Basic research has led to the identification of several potential medications for drug addiction.
In addition to already approved medications for treatment of opiate addiction (e.g., methadone, buprenorphine), new approaches that target different aspects of addiction are also being developed. For example, the cannabinoid receptor system (CB1) is currently being targeted for medications to treat nicotine, alcohol and other drug addictions, as well as obesity. Drug metabolism can also be a factor in addiction susceptibility by altering the pharmacokinetics and reinforcing effects of drugs. Smokers who are poor metabolizers of nicotine smoke less and may be less vulnerable to addiction. Medications can be developed to take advantage of that quality. Finally, animal models of relapse have allowed testing of medications that inhibit triggers of drug seeking behavior, including stress. Corticotropin releasing factor (CRF) antagonists are being explored as possible medications as they inhibit the stress response and the resultant drug seeking behavior.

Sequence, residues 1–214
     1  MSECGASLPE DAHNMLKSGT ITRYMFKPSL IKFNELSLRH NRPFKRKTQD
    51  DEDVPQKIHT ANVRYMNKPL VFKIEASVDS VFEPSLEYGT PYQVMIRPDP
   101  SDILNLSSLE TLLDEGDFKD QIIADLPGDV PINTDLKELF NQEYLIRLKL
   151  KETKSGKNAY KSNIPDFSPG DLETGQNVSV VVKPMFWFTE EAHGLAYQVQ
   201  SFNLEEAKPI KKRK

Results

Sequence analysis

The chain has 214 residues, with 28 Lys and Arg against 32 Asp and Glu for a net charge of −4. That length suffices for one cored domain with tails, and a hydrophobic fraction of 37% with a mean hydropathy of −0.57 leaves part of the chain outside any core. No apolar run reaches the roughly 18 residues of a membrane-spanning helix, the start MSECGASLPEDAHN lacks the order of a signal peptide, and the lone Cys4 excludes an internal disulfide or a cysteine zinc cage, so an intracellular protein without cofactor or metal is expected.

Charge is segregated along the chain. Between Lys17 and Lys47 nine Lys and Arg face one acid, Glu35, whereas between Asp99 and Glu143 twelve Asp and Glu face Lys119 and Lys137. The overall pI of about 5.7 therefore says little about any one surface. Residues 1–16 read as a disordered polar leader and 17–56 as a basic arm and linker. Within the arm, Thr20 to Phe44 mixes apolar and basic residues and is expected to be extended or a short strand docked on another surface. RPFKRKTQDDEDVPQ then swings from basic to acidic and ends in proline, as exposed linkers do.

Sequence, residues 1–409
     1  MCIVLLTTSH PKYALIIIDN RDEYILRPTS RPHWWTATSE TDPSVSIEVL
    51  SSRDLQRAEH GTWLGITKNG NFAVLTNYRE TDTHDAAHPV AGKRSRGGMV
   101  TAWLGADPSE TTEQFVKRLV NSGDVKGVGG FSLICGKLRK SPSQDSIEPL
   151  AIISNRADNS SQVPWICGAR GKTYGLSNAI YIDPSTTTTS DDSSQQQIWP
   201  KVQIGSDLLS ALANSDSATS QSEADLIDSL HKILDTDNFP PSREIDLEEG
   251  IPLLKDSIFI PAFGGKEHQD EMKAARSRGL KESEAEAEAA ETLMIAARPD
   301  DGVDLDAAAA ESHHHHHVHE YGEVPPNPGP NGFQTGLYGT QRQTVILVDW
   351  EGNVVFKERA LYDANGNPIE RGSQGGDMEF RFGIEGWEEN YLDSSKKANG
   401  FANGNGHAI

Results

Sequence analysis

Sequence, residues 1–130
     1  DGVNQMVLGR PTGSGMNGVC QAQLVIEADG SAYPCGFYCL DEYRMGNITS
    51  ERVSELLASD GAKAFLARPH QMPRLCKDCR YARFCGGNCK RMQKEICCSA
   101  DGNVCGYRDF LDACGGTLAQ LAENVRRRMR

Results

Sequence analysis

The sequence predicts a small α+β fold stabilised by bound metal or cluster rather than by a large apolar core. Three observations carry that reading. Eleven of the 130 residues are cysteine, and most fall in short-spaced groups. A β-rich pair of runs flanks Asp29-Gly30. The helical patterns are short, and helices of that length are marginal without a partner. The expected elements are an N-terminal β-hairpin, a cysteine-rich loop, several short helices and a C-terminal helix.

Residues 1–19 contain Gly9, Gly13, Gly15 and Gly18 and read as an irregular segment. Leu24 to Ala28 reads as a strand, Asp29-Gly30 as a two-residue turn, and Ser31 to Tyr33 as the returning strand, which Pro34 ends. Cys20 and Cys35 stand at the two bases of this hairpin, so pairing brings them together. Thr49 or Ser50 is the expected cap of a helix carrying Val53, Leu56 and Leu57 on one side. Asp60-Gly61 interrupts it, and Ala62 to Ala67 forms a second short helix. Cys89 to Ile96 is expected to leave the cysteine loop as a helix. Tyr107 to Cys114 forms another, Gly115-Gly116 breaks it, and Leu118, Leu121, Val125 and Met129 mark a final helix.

As a result of scientific research, we know that addiction is a disease that affects both brain and behavior.